Eat, sleep, poop, repeat – the life of a new-born baby. Babies bring with them lots of joy and sleepless nights but also what can be a fairly hefty environmental impact. It is estimated that from birth to potty training a child can go through between 4,000 and 6,000 disposable nappies which, along with the packaging they come in, generally end up in landfill or incinerators. A disposable nappy can take up to 500 years to decompose and even with improvements in materials some of the so-called biodegradable nappies can take 50 years to break down in landfill. Aside from the environmental cost, there is the financial impact of buying and disposing of nappies which can run to thousands of euro per child by the time they are toilet trained. So what’s the alternative? Sorcha McPhillips gives us an overview of some other options.
READ THIS EXAMPLE OF “AN EASIER WAY TO DO THINGS”!
On a visit to Clive Bright’s farm in Sligo in 2016, as part of a group learning about organic farming, I recall him declaring with a grin that he “considers himself a lazy farmer”. Clive clarified this viewpoint by adding: “I’m always looking for an easier way to do things”. Clive’s statement belies a true passion for farming smarter, and his approach is reaping rewards. By paying close attention to every detail, and questioning the necessity of each step in the farming process, Clive has carved out a viable market for his 100% grass-fed beef. So how does he do it? Dermot McNally shares some insights.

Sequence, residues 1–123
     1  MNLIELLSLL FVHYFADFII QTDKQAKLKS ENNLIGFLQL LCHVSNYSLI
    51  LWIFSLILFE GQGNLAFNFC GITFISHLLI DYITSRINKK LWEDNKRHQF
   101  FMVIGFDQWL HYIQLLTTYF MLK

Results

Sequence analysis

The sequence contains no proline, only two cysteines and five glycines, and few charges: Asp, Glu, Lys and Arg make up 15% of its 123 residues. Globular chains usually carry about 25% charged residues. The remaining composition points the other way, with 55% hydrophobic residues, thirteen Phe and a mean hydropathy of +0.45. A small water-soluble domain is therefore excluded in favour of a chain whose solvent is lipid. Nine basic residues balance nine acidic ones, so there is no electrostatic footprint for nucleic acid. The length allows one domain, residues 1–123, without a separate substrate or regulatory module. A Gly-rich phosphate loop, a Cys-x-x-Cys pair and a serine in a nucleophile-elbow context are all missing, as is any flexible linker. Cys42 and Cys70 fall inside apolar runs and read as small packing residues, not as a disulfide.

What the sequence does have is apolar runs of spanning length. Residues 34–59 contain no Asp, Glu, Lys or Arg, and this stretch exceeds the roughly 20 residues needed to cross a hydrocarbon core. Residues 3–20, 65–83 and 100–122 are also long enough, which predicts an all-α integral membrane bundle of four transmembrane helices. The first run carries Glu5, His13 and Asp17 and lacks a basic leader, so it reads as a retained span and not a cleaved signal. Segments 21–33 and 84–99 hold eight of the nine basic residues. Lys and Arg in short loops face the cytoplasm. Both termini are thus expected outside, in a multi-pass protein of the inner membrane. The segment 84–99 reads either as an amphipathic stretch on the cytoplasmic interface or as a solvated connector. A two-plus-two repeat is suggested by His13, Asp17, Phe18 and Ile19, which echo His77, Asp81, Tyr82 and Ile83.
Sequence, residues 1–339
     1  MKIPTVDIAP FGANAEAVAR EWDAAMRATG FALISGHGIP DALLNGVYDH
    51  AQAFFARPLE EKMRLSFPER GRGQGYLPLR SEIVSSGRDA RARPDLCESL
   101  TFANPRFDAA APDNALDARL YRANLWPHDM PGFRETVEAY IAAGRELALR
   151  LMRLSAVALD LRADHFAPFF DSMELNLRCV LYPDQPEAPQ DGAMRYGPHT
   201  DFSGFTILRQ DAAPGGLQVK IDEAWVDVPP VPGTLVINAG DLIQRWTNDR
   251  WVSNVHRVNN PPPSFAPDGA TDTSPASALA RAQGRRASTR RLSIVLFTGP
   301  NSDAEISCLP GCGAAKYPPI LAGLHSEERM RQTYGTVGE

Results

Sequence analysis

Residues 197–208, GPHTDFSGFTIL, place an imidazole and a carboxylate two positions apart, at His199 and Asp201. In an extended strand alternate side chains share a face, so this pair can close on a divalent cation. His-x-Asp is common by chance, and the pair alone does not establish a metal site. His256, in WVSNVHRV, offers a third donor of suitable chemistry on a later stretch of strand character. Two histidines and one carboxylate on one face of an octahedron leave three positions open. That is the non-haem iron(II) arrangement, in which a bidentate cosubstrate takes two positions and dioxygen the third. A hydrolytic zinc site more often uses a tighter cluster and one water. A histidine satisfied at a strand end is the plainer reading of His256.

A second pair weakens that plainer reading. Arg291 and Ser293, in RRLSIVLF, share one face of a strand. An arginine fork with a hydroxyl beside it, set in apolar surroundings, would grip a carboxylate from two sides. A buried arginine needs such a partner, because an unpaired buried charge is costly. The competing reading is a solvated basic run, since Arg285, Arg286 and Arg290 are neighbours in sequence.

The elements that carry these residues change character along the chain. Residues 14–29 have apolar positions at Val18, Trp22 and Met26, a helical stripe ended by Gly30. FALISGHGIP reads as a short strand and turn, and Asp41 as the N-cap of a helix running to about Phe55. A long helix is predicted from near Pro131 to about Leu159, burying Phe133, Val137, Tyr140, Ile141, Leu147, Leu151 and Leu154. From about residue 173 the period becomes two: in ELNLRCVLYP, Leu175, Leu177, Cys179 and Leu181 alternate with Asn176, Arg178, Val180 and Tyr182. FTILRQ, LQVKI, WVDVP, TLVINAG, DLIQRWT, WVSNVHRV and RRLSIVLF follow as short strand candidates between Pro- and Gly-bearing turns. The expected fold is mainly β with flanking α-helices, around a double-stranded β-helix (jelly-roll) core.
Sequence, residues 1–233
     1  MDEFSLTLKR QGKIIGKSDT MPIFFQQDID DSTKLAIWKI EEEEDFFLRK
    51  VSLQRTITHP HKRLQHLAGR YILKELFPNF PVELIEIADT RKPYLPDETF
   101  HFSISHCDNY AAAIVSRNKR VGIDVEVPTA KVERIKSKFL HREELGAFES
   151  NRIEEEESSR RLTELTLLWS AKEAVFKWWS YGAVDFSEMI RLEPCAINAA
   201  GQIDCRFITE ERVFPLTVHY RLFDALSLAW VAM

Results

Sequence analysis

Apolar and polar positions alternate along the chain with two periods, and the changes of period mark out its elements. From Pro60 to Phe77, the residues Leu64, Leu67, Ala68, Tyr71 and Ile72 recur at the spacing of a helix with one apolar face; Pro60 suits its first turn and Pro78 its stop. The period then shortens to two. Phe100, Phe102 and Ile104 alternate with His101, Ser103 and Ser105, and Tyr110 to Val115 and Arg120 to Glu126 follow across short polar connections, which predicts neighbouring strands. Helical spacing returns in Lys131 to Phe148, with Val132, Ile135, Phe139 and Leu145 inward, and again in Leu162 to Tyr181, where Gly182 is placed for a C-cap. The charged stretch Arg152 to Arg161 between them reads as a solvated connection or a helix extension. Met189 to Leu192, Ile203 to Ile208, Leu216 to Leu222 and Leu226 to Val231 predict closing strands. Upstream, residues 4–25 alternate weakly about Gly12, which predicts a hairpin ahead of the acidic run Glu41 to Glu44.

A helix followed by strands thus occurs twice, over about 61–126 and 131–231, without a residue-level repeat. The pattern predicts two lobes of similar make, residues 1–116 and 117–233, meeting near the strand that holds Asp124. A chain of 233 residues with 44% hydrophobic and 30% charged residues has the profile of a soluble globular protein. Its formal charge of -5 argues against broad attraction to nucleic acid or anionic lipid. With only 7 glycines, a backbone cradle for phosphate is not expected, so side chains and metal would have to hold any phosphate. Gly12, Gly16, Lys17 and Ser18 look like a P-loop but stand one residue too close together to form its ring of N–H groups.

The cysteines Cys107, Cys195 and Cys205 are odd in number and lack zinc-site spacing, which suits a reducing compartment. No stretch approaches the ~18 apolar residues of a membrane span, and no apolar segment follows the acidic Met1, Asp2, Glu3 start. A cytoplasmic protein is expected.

Despite internal disagreement, the EU recently announced that it is proposing to classify energy from nuclear power as green. If a majority of member states back it, it will become EU law in 2023. Dermot McNally takes a look at the arguments involved and the effect this might might have on Ireland.
CURRENTLY OPEN FOR PUBLIC CONSULTATION – HAVE YOUR SAY!
Ireland’s third River Basin Management Plan is currently under development and is open for public consultation. River Basin Management Plans are pivotal tools for the implementation of the EU Water Framework Directive. The Water Framework Directive is European legislation that requires our rivers, lakes, groundwater and coastal water to achieve a healthy state, or what’s known as ‘good ecological status’.Ireland’s first RBMP was published in 2009, the second was published in 2018, and the third RBMP due to cover the period 2022-2027 is in the process of being finalised. But what does all of this mean?
It’s well understood that the ever increasing demand for goods and services is fueling climate breakdown. Yet despite this advertisers go to extreme expense to convince us to spend more and more. That’s why activists and campaigners of all kinds are heaping pressure on the advertising industry (and the biggest polluters) to clean up their act. Dermot McNally investigates.
WHY ARE THEY IMPORTANT AND WHAT’S HAPPENING TO THEM?